Tips and Tricks for Working With Silver Clay

By Christine I Gierer | Submitted On October 21, 2010

Silver clay, precious metal clay, art metal clay, and art clay silver are all different terms and brands of "clay" that may be magically turned into silver and gold. These innovative metal clays have been around since the nineties.

Jewelry designers and artists can now form and shape expensive metal as simply as play dough.

Jewellery making naturally goes back to man's earliest days. The difference today is that you no longer have to bang or cast your metal to make jewelry if you do not need to. Silver clay now makes it possible to make real metal forms without these traditional methods.

Here is how metal clay functions.

Gold and silver metal clays are made from fine metal particles suspended in an organic binder. This binder enables you to mould and shape the clay as you would potter's clay. Once you are pleased with the form, you let your project dry for at least twenty-four hours ( or even more ).

You then fire it in a kiln or by utilizing a hand torch. The binder burns away, leaving the fused metal behind in the form you formed it.

Before you grab a pile of silver clay and go at it though, you will want to keep 1 or 2 tenets under consideration. Silver clay is not cheap, so you do not need to waste it.

Metal Clay Tips

Here are a considerable number of tips for working with silver clay:

*Metal clays shrink 10-30% when fired. Be sure to test your package for shrinkage levels especially if you're making rings or other objects that must be actual fits.

*Not all metal clays can be hand torch fired. If you will not be employing a kiln be certain to check that your kind of silver clay is "low fire".

*Only little pieces should be torch fired. Pieces bigger than 25g should be kiln fired.

*Silver clay is expensive. The gold version particularly is terribly high-priced. Be certain to shop rigorously and follow instructions carefully so you don't burn your money fruitlessly.

*Metal Clay simply takes on impressions of other objects ( and fingerprints too ). Experiment with different textures and objects to make imprints onto the wet clay.

*Gemstones that will stand up to the heat of firing can be set into the wet clay. *Be certain to let your metal clay dry completely before firing. Firing damp clay won't work and you will not be a happy camper.

*Metal clays are sticky to the touch so be sure to coat everything with a thin film of olive oil or other release agent. This means coat your hands, your tools, and work surface. Just a hint of oil will do, so don't overdo it.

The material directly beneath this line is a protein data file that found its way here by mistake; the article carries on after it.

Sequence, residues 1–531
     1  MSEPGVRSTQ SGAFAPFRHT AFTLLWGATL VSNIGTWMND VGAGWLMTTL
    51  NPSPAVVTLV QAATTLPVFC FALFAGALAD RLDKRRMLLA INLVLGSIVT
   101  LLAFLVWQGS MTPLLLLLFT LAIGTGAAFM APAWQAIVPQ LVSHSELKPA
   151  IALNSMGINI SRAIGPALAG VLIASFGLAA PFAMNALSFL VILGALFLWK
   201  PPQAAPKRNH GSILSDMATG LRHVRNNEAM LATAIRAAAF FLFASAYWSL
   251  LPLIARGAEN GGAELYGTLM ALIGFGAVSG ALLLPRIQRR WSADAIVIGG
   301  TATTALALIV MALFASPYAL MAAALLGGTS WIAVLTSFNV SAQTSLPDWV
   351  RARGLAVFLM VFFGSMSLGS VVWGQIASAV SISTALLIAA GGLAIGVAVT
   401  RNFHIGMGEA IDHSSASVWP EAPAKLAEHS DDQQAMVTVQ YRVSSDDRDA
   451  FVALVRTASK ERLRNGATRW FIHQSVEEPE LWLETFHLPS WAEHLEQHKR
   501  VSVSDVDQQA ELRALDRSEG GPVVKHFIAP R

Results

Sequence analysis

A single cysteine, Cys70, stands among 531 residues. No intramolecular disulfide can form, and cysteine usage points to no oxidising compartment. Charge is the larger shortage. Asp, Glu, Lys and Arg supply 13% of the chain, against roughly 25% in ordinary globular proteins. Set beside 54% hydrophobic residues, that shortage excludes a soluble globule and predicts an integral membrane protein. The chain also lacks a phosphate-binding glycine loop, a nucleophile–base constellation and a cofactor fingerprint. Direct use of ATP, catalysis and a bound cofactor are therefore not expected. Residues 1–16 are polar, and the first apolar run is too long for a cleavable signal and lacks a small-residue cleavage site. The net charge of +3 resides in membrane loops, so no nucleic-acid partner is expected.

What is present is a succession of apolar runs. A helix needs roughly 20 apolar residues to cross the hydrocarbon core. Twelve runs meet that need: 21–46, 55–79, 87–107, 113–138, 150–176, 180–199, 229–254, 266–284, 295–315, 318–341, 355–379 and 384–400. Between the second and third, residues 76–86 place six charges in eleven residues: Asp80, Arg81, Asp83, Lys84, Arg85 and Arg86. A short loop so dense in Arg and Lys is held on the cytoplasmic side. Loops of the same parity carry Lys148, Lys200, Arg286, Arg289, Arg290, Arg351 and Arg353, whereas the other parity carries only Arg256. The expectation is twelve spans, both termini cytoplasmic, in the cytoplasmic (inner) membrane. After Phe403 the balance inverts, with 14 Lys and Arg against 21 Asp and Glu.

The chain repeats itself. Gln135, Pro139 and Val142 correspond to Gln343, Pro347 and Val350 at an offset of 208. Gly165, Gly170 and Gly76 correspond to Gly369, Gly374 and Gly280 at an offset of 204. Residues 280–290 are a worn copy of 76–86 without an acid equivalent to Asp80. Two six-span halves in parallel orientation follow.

*You can speed up drying time by placing your piece in a low heat stove. (150-200 degrees Fahrenheit ). Pieces small than your palm generally take approximately twenty-four hours to entirely dry and toughen without the stove treatment.

*Sand your dried and hardened piece before firing. If you do not like fingerprints, you will not be in a position to remove them after firing.

*Metal clay is water soluble and can be fell with water. Keep a small bowl of water or a spritzer at hand while you work. If it begins to dry out while working, you can add a bit of water to moisten it.

*Buying smaller packages beats bigger because you will not have to worry about the entire block drying out. The price difference is negligible, and you'll waste more money by having to through out old dried out clay.

*You can extend the working time of your metal clay by adding a drop or 2 of glycerin ( available at pharmacies ) to your newly opened package of silver clay. To use: make a depression with your thumb in the clay, and add a drop or two of glycerin. Fold the clay a few times to mix in the glycerin, then spritz with water. Wrap in plastic wrap and let sit so that the clay can soak up the glycerin. When you're employed with the clay the next day, use as always. This trick will extend the working time, but also extends the drying time necessary before firing.

*If you see a blackish mold, do not be concerned. This will burn away when firing. This mould takes place when you use regular tap water to dampen the clay.

*Playing cards make great "spacers" when rolling out clay to an even thickness. Just stack cards on both sides of the clay, then use your roller to roll out the clay between the cards. *To store metal clay between uses, be sure to spritz with water and wrap it well with plastic wrap.

*Different clays have different firing temperatures so be certain to match your firing temperature to your clay type.

*Once fired, you need to brush and burnish it to get a great shine. First brush well with a stiff brush to loosen any ash or remains, then rinse with water. Then you'll be wanting to burnish the metal to compress it, make it smoother, and shinier. Utilise a burnishing tool made from agate or metal for this. The tool has a smooth face and pointy tip for burnishing the more detailed areas.

*You can dunk the piece in water after firing to chill it quickly.

*Firing you clay too shortly, at too low a temperature, or for too short a time may cause your project to break. Firing for too much time may melt some of the detail.

Now that you have some silver clay tenets, I bet you are psyched. You need to work with this innovative material now! What will you make first?

Want to find out more about silver clay? Stop by my website to discover more about finding metal clay suppliers, get free projects, and learn other precious metal clay techniques.

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